Horatio Nelson Indian Railway Contractor

Horatio Nelson was a civil engineer in 1837 and a railway contractor in 1849, so may well have been involved in railway construction in England during the period of George Hudson's "Railway Bubble". Quite possibly the bursting of the bubble in 1849, and the subsequent decline in railway construction in England, may have had something to do with Horatio's decision to go to India, where he spent the rest of his life working ads a railway contractior on the Great Indian Peninsular Railway.

Like most of the early railways in India, the Great Indian Peninsula Railway (GIPR) was a British company, registered in London, privately owned and financed, operating under licence and guarantee from the (British) Board of Control in India and the East India Company (EIC). The GIPR was India and Asia's first railway. Formed in 1845, it was not until 1849 (at the urging of the then Governor, Lord Dalhousie) that the EIC sanctioned the GIPR to construct an experimental line, built to the broad gauge of 5' 6", eastward from Bombay. The first sod was turned on 31 October 1850 and the first locomotive was used in construction on 22 December 1851, but the first passenger train in India did not run until 16 April 1853, when a train, with 14 railway carriages and 400 guests, left Bombay bound for Thane, hauled by three locomotives: Sindh, Sultan, and Sahib. The 21-mile journey took an hour and fifteen minutes over the first section of the GIPR to be opened. By 1859, GIPR was tasked with "the construction and working of the following lines, all of which terminate at Bombay, - viz. from Bombay, via Callian, to Jubbulpore, to meet the East Indian Railway Company's line from Allahabad, with branches to Mahim and Nagpore - 870 miles; and from Callian, via Poonah and Sholapore, to the opposite side of the river Kristna, to meet the line, via Bellary, from Madras - 366 miles - total, 1,236 miles. Capital 10,000,000ll. Rate of Interest Guaranteed - 5 per cent on £8,000,000 capital, and 4½ per cent. on £333,000 debentures, the balance to be raised upon arrangements to be hereafter made.” When, in 1871, the GIPR eventually reached Jubbulpore and linked to the East Indian Railway (EIR), it completed Dalhousie’s dream of a Bombay-Calcutta route.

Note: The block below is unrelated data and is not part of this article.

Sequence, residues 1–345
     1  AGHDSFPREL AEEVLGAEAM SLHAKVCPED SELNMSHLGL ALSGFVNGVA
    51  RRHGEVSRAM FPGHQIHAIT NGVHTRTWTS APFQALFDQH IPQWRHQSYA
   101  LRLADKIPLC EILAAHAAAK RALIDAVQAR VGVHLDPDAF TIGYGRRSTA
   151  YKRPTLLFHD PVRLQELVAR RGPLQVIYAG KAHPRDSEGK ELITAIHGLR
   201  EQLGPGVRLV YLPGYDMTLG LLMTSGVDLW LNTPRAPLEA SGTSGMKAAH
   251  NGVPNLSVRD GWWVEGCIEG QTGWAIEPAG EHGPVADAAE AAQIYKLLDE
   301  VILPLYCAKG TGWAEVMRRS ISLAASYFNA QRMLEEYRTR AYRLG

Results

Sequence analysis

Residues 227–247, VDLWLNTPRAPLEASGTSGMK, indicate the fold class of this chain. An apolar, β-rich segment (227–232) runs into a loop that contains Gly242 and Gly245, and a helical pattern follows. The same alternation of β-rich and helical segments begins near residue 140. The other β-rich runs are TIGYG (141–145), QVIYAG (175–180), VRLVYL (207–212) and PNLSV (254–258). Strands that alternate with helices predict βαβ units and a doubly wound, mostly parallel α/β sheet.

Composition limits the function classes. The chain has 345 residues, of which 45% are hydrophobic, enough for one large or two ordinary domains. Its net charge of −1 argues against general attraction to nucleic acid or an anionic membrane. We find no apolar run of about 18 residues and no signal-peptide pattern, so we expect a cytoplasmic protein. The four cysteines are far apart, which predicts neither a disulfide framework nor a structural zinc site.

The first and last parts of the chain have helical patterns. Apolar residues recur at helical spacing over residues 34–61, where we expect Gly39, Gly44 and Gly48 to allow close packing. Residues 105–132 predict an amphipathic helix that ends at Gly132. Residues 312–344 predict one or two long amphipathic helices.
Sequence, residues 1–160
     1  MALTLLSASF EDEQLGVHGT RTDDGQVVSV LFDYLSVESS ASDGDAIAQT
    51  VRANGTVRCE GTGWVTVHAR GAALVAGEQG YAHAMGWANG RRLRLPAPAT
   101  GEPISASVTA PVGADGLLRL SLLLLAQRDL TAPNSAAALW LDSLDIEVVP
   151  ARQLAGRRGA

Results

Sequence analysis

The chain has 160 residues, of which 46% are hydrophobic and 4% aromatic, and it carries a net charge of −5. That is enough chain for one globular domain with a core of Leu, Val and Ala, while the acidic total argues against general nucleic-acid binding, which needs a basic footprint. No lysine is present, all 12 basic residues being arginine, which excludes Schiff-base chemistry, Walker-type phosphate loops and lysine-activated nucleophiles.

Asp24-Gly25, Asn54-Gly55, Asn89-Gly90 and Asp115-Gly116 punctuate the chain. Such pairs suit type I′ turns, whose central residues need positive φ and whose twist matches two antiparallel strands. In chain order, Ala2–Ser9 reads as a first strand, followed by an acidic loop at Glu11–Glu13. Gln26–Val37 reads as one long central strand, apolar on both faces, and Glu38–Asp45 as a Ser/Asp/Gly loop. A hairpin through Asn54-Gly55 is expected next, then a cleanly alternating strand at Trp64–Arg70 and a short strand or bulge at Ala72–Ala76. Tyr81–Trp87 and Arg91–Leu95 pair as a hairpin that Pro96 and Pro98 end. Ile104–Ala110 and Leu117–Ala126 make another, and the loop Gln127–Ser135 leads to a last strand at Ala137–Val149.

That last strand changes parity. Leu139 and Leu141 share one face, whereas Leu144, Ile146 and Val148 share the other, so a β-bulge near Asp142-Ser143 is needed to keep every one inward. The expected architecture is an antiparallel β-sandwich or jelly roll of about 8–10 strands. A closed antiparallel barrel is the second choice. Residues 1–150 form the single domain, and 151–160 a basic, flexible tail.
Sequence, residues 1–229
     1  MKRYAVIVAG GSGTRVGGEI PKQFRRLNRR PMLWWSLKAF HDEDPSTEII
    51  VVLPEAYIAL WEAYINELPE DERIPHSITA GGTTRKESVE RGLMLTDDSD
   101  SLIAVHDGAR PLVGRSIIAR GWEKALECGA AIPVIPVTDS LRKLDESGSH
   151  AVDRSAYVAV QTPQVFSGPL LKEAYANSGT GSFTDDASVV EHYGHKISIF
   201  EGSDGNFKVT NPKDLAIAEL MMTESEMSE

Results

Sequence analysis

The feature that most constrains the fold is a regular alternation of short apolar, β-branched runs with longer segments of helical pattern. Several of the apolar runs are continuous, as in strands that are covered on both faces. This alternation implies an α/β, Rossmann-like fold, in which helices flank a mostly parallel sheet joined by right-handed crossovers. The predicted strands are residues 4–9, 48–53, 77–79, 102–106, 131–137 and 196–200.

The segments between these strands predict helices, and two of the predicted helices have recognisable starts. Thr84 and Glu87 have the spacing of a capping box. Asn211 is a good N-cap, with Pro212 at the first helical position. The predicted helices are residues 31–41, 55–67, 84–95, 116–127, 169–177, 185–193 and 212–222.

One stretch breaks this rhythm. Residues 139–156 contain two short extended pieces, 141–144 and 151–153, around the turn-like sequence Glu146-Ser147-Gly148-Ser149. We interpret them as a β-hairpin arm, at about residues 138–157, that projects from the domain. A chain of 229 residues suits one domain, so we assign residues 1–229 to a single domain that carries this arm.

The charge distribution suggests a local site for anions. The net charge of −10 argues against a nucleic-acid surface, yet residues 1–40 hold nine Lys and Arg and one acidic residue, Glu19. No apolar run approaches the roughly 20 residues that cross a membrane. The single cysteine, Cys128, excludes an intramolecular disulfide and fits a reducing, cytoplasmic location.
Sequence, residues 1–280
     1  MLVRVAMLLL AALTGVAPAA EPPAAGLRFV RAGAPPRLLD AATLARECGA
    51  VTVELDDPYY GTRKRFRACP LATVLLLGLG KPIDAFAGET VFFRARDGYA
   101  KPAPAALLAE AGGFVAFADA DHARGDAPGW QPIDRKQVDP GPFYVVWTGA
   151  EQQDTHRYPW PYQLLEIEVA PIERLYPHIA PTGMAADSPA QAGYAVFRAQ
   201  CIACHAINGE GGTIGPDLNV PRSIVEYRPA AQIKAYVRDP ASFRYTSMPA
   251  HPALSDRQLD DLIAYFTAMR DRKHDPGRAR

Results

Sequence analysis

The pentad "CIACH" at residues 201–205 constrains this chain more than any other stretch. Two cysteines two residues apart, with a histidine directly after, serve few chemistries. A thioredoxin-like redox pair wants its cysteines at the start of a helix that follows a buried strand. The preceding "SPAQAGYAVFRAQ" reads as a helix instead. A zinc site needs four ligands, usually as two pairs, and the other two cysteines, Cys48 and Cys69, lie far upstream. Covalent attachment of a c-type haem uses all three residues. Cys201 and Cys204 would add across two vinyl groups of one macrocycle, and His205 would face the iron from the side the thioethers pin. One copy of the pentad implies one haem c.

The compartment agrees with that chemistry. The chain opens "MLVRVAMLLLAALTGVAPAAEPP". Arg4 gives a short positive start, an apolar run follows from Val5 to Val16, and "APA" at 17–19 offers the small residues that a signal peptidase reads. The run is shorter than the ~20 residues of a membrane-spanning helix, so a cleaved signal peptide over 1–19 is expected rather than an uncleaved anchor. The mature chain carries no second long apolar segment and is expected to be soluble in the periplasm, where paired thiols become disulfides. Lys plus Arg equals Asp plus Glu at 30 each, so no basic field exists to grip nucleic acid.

The contract was awarded (autumn 1855) to William Frederick Faviell and work begun at Bhore Ghat on 24 January 1856. Presumably Horatio Nelson worked to or with him. In March 1859, Faviell gave up his contract; for a short time, two GIPR engineers, Swainson Adamson and George Louis Clowser, carried on the work. The GIPR construction contract was relet in November 1859 to Solomon Tredwell who died within fifteen days of landing in India. His wife, Alice Tredwell, assumed the contract and appointed Messrs Adamson and Clowser to manage the contract for her in her absence, as Mrs Tredwell returned to England. This arrangement was to last seven years. “These gentlemen (Adamson and Clowser) carried on the work with the greatest zeal and ability.” Labour management could limit construction progress, but “by their good and liberal management (Adamson and Clowser) collected and kept on the work a force of 25,000 men during two seasons, and in 1861 of more than 42,000 men.”

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